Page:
I take issue with the much-publicized statement that small schools do not give good education. This belief does not describe Vanier elementary, which has been yet again put on the list for closure.
First, I would like to take this opportunity to clarify: Vanier Elementary School, in the 2006/2007 school year, has 182 students that are funded by the ministry, nine of whom are aboriginal kindergarten students, seven of whom are social adjustment students (both of these are district programs and are excluded from the 151 FTE) and 32 of whom are funded at 50% as kindergarten students. That brings the figure to 151 FTE students — not 135 students as has been published.
Second, our children attended Vanier for their elementary education, and, at their present schools, I have had the opportunity to compare our children’s education with those of other students from “bigger” schools. Our children have had many advantages at Vanier. They were given the opportunity to witness first hand, an extreme love for literacy, life, and academia at that school. They were able to produce winter writing books filled with poetry and prose that they personally wrote and performed/read. They were also given the opportunities of taking part in wonderful musical productions, and were part of a large choir that gave many enriching experiences for all interested students — from giving pleasure to seniors’ homes to providing entertainment at Joe and Rosalie Segal’s award ceremony at the Pan Pacific and for the Dalai Lama.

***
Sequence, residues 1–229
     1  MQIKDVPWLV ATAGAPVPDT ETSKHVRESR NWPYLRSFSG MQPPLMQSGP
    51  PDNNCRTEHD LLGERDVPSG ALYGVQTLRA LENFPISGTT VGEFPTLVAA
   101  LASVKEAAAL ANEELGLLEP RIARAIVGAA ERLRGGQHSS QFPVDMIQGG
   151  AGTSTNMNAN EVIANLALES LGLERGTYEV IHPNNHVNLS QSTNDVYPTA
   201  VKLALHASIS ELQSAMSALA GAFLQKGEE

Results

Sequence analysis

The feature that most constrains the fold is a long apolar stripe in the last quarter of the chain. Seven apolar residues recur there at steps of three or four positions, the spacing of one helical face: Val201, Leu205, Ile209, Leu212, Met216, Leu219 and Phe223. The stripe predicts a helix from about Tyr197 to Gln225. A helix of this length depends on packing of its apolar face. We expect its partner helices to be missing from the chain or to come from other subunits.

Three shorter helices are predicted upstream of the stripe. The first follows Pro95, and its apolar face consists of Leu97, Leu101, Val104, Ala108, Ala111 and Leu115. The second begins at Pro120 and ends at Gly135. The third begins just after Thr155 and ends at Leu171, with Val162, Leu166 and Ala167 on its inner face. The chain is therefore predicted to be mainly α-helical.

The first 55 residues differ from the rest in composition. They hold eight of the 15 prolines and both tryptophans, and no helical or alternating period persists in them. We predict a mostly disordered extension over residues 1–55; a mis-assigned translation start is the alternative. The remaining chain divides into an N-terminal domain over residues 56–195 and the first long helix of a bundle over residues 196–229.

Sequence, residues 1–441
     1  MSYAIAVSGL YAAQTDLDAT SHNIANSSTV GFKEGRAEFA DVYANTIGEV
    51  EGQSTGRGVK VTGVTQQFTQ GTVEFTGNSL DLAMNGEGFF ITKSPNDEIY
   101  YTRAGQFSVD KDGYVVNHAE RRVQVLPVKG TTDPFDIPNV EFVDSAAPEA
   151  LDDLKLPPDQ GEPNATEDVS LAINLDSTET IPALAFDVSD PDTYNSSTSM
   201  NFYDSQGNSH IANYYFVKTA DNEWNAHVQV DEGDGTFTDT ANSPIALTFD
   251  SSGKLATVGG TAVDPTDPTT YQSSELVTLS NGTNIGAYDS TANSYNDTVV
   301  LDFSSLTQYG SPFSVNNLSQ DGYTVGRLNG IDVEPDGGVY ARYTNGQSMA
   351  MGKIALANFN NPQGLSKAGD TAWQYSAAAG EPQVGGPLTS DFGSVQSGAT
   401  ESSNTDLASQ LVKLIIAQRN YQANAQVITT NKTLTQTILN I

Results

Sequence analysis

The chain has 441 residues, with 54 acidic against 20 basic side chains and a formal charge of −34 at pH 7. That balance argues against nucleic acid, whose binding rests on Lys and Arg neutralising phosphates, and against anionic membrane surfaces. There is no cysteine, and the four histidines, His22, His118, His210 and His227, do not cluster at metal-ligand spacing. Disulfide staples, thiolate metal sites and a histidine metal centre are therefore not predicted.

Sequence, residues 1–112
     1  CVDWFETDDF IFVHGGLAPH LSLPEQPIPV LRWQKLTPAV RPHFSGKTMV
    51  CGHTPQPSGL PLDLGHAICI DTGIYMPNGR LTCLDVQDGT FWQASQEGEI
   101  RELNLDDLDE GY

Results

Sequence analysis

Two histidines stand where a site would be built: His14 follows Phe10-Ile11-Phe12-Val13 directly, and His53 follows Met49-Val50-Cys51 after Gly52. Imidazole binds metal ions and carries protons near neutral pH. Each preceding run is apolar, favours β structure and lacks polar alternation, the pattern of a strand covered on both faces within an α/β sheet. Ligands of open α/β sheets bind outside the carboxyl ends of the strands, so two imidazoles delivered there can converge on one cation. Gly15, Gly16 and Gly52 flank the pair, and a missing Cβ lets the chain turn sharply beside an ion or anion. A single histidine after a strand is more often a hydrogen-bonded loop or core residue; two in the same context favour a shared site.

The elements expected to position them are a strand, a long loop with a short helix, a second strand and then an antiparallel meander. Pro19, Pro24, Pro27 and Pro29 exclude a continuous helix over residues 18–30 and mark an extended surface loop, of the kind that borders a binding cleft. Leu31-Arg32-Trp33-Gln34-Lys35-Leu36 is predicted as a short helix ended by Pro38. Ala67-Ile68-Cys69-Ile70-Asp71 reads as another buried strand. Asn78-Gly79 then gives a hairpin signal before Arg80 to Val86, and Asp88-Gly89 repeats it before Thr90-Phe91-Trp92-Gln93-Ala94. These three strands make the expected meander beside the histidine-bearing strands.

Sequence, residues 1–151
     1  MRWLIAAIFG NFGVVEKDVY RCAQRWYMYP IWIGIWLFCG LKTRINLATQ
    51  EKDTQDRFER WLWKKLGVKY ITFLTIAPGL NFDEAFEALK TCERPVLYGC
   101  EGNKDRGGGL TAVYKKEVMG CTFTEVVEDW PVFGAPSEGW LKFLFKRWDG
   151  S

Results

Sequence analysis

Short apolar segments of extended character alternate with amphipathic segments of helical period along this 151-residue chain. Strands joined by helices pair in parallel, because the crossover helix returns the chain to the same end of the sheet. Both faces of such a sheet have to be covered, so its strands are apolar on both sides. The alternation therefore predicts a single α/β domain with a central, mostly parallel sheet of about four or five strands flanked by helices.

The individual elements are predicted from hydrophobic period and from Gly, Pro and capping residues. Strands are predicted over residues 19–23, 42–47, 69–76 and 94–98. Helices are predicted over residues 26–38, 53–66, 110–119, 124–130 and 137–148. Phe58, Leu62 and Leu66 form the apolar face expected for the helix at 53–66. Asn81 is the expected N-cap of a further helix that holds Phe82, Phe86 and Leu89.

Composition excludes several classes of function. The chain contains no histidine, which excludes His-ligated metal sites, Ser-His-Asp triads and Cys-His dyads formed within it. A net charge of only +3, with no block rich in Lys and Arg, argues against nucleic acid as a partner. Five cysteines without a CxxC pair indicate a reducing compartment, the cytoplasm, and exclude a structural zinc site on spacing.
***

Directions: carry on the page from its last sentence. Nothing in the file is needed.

How many students can say they know who Joe and Rosalie Segal are or that they met world leaders and the Dalai Lama at BC Place when they were only 10 years old? How better to see social studies first-hand? Vanier’s staff gave all students the benefit of exposure to education that some would not otherwise have had. Isn’t that one of the missions of School District 43 –– access to education for all students? Vanier fulfilled that mission and now you are considering closing it?
This group of teachers in, what Board Chair Melissa Hyndes would call, a “small” school, should be used as a model and staff-not decimated and merged into different schools. I would ask that the board search its administration, first, for any areas of cutbacks, and then consider closure as a last resort.